-Carl Antisell

“I want to see you be brave.”

“You can be amazing; you can turn a phrase into a weapon or a drug. You can be the outcast, or be the backlash of somebody’s lack of love. Or you can start speaking up.”

I am writing for this blog because words can save lives.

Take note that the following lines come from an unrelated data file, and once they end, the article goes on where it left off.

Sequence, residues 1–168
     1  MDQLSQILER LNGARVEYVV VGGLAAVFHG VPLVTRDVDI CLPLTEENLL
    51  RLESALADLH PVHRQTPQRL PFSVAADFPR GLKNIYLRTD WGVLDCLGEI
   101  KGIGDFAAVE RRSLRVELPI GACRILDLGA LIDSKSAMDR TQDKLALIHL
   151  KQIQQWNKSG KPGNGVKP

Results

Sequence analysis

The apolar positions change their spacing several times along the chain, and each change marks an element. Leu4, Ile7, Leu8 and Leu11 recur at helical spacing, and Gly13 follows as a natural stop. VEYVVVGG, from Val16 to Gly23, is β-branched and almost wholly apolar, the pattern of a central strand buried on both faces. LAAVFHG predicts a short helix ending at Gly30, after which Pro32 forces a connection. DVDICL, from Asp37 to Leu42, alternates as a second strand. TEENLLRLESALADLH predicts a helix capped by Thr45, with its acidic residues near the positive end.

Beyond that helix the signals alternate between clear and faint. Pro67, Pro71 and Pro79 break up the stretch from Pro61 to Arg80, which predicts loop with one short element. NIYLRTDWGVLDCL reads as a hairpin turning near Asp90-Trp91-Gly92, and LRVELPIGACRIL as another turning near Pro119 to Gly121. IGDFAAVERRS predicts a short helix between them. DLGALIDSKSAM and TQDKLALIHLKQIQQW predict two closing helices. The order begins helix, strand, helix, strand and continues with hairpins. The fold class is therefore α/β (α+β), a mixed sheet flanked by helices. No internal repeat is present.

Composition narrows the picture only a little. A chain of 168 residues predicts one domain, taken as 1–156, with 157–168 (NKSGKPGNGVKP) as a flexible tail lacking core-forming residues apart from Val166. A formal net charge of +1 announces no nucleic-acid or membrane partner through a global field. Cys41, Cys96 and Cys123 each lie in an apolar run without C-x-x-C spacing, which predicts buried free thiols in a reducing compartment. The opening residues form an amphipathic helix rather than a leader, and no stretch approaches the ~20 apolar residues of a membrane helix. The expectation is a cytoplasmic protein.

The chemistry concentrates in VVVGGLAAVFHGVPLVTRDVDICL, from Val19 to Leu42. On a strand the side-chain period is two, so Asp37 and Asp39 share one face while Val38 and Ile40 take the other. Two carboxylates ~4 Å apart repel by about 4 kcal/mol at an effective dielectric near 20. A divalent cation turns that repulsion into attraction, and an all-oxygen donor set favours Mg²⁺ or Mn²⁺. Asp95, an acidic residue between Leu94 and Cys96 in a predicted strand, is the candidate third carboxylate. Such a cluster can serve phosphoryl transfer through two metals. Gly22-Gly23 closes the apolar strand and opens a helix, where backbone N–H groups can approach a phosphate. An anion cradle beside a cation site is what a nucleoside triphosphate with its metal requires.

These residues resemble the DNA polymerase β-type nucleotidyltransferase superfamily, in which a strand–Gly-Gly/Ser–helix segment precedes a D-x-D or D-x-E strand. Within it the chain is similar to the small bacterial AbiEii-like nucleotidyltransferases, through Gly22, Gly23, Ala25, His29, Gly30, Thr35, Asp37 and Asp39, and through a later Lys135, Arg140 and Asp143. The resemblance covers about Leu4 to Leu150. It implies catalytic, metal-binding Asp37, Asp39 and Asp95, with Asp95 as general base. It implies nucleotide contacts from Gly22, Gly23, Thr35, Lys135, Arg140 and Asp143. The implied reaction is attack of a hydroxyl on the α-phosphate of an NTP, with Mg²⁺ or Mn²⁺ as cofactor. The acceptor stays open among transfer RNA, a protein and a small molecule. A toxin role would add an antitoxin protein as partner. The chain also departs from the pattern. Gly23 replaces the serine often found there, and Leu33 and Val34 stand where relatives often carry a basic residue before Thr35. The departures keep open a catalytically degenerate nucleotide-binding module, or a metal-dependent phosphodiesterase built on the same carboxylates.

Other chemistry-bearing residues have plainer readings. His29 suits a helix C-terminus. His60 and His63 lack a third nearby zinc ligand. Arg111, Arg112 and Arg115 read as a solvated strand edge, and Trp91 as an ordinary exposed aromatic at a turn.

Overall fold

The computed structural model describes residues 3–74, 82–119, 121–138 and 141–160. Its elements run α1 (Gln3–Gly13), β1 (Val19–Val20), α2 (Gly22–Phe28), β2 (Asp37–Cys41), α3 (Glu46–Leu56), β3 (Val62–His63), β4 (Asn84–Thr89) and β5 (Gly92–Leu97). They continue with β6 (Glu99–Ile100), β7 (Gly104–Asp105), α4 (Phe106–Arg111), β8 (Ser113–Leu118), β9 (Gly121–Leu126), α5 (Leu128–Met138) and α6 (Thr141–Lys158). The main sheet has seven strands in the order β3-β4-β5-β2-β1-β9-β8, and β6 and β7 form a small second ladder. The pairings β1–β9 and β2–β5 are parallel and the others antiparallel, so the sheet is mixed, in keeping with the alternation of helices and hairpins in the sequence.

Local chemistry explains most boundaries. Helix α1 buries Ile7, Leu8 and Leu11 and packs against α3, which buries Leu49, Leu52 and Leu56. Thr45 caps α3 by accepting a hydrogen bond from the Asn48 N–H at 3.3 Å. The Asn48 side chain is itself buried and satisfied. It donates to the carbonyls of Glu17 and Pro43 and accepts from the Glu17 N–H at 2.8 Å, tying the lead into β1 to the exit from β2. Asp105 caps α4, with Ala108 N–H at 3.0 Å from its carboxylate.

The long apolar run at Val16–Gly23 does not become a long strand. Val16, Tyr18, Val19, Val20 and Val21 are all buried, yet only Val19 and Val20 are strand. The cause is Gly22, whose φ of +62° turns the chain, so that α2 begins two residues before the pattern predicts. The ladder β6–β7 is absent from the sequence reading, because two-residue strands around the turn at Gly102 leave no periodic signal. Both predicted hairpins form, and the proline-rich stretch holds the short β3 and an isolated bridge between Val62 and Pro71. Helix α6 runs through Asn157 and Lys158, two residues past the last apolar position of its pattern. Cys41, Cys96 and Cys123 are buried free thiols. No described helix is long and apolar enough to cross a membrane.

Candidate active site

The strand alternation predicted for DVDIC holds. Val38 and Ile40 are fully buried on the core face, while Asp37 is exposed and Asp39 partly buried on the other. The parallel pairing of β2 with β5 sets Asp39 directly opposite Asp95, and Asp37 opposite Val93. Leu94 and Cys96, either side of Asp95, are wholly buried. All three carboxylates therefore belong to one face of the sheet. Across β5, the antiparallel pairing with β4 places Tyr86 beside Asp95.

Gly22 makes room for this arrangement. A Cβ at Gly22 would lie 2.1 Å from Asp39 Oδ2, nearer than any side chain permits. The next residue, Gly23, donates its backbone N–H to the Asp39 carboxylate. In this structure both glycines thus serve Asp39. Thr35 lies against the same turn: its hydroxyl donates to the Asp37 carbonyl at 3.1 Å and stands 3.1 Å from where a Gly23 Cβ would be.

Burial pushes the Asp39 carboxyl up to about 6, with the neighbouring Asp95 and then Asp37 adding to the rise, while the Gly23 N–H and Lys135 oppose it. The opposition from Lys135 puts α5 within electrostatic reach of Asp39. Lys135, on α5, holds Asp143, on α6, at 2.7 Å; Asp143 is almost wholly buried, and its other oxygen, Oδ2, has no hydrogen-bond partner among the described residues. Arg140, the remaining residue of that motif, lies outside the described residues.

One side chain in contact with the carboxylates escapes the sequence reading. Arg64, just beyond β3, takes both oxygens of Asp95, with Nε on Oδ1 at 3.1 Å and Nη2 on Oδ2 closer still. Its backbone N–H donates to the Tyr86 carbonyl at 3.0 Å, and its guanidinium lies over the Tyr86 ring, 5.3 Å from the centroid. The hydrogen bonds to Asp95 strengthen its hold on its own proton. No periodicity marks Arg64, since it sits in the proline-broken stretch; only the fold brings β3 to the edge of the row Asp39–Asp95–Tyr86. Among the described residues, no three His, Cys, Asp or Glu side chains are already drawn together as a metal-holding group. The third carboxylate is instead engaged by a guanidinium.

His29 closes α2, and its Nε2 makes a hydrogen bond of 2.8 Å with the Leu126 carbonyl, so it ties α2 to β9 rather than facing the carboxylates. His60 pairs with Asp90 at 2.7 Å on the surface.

I am writing this for you: peers, educators, families, friends of somebody who may be battling with a mental health condition, or of somebody who isn’t. I am writing this for those of you who know nothing at all about what it means to have a mental illness. I am writing this in hopes that you might learn something, that you might take away a piece of knowledge that you can use to help someone in need. I’m writing this so that the next time you hear a phrase like “ugh, that class makes me want to shoot myself”, you won’t chuckle and shrug it off; so that when you notice a friend has been sleeping more than usual and stopped caring about their schoolwork, you don’t feel nervous to be the person to ask them how they’ve been doing. I want you to feel prepared to have those honest conversations. I want you to feel confident enough to stand up to those who make stigmatizing jokes about mental illnesses. Truthfully, as foreign as those struggles may seem, the person in need of help and advocacy could someday be you.